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The Chase
The Chase
Actors: Robert Cummings, Michele Morgan, Steve Cochran, Lloyd Corrigan, Jack Holt
Director: Arthur Ripley
Genres: Mystery & Suspense
NR     2003     1hr 26min


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Movie Details

Actors: Robert Cummings, Michele Morgan, Steve Cochran, Lloyd Corrigan, Jack Holt
Director: Arthur Ripley
Creators: Franz Planer, Edward Mann, Eugene Frenke, Seymour Nebenzal, Cornell Woolrich, Philip Yordan
Genres: Mystery & Suspense
Sub-Genres: Mystery & Suspense
Studio: Alpha Video
Format: DVD - Black and White
DVD Release Date: 07/22/2003
Original Release Date: 11/16/1946
Theatrical Release Date: 11/16/1946
Release Year: 2003
Run Time: 1hr 26min
Screens: Black and White
Number of Discs: 1
SwapaDVD Credits: 1
Total Copies: 1
Members Wishing: 0
MPAA Rating: NR (Not Rated)
Languages: English
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Movie Reviews

A curiosity for Noir fans...
Mark Savary | Seattle, WA | 11/24/2003
(3 out of 5 stars)

""The Chase" is probably one of the strangest film noirs you're ever likely to see.An out of work, but honest WWII veteran, Chuck Scott (Robert Cummings), happens upon a lost wallet. When he returns it to the wealthy owner, one Eddie Roman, Scott is given a job as chauffer by way of reward. But not all is as it seems with Scott's new benefactor. Roman is a vicious gangster, and a heartless control freak on top of that. When Roman's abused wife turns to the innocent Scott for help, they plan an escape to Havana. The vengeful Roman organizes some payback, and soon Scott is framed for murder. Along the way, there's a dream sequence that adds a real twist to the familiar plot."The Chase" has gotten the reputation for being somewhat of a cult classic, but I'm not sure how much of that following is truly deserved. The ultra-low budget and vague direction keep the film from reaching the lofty heights of "Out of the Past" or "Kiss of Death". The romance between Scott and Roman's wife is also a bit too pat, and leaves the viewer feeling somewhat dissatisfied. Probably the most interesting element here is the remote-control device Roman has fitted in his car, which allows him to take control of the accelerator and brake pedal, making him the ultimate back-seat driver. The device is introduced in a truly suspenseful sequence that serves as the highlight of the film.Robert Cummings, best known for the Hitchcock film "Sabatour" does do a very good job as the troubled Scott, and his fans will be pleased by his efforts in "The Chase". Peter Lorre is also in top form as Roman's evil aide de camp, while Steve Cochran's Eddie Roman is suitably chilling. Don Wilson, who plays a Roman henchman, will be recognizable to fans of the Jack Benny radio program; Wilson was Benny's announcer for years.The film is worth a viewing, although the print offered by Alpha video has seen better days."
A Strange, Neurotic Noir Based On A Book By Cornell Woolrich
C. O. DeRiemer | San Antonio, Texas, USA | 12/17/2005
(4 out of 5 stars)

"In Hollywood, directors get the credit. With The Chase, a strange, fascinating, neurotic noir, the credit should go to one of the masters of noir pulp fiction, the writer Cornell Woolrich. Like Phantom Lady, another Woolrich creation, the story centers around what might be struggling to get out of a person's head.

Woolrich wrote masterful pulp using his own name or the pseudonyms William Irish or George Hopley. He was a homosexual who loathed himself. He married a girl he idolized and saw the marriage annulled. Despite the money he made, he lived most of his life with his mother in decaying New York apartment buildings where his neighbors were lushes, prostitutes and drug addicts. At night, he'd troll the waterfront for anonymous sex partners. He became a deep alcoholic. And he turned out a stream of mystery novels and short stories that still are worth reading nearly 40 years after his death. Much of his material has been made into movies. If you like Hitchcock's Rear Window, you're watching a Cornell Woolrich short story. More often than not, the stories revolve around the black struggles that can happen inside a person's head. The Chase, based on Woolrich's The Black Path of Fear, is a noir worth watching.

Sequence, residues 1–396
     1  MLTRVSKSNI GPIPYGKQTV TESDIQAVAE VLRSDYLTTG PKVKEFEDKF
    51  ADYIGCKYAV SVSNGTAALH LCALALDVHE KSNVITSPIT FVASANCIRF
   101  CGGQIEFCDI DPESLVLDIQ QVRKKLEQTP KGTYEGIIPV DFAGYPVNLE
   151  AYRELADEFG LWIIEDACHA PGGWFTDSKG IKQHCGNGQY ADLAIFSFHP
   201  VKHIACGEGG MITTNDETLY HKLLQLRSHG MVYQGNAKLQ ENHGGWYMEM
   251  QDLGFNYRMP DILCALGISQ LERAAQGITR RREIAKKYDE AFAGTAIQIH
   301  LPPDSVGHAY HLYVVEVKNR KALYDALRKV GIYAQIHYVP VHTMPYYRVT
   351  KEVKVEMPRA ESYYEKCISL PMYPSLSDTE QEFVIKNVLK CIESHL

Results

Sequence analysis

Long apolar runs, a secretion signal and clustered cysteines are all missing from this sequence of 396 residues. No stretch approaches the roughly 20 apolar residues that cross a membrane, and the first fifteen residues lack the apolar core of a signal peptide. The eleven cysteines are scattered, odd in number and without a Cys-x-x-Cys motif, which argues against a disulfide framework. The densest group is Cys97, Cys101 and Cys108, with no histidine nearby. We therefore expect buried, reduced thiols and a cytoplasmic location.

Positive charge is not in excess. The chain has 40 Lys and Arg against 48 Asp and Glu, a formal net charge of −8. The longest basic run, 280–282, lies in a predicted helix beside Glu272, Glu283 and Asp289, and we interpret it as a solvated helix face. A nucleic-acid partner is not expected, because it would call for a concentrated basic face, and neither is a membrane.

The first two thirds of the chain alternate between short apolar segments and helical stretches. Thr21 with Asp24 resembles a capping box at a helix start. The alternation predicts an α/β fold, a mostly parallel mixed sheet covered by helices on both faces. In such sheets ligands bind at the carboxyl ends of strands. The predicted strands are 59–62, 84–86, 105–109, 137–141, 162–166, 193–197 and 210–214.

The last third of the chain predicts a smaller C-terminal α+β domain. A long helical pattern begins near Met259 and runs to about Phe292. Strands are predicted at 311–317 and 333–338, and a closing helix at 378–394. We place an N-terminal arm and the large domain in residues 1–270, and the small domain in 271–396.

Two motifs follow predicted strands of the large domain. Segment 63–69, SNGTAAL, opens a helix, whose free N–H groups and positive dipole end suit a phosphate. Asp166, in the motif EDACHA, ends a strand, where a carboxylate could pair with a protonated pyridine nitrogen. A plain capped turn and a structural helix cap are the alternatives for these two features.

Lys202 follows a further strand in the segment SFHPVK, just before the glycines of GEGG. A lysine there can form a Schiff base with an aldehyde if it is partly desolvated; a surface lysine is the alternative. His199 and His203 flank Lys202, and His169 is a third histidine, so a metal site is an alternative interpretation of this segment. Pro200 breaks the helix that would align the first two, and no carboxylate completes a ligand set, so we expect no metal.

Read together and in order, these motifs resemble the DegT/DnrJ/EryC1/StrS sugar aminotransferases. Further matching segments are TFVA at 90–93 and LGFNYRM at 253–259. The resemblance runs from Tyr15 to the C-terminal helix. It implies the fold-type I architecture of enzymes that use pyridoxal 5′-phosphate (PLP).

One morning a down-and-out young man, Chuck Scott (Robert Cummings), finds a wallet on a Miami sidewalk. He finds the owner's name and address and delivers it to him. The owner, Eddie Roman (Steve Cochran), is a soft-spoken gangster with a penchant for hitting women, eliminating business competitors and for always being the man in control. His partner, Gino (Peter Lorre), who grew up with him, is just as ruthless and amoral, but not as psychopathic. Roman has been married three years to Lorna (Michelle Morgan), a beautiful, frightened woman who wants only to escape from him. Eddie Roman is amused by Chuck Scott's honesty and hires him as a chauffeur. Scott quickly learns two things. First, Roman has a car that is built so that from the back seat Roman can take over the accelerator. When he flips a switch he can move the car up to over 100 miles an hour. The driver can only steer and pray. The second thing Scott learns is that he is drawn to Lorna Roman.

It all comes together when Scott agrees to flee with Lorna to Havana. And then we descend into a dark swirl of murder, pay back, amnesia and fear. Half way through the movie we find ourselves in a paranoid dream of night-time Havana, of a horse-drawn carriage that rides off into a busy street, of a man glimpsed throwing a knife in a crowded bar, of a Cuban detective who casually uses a murder knife to spear a piece of melon from the table of a sobbing prostitute. Only later do we learn what is dream and what is real. If what was dream is frightening, what is real may turn out to be worse.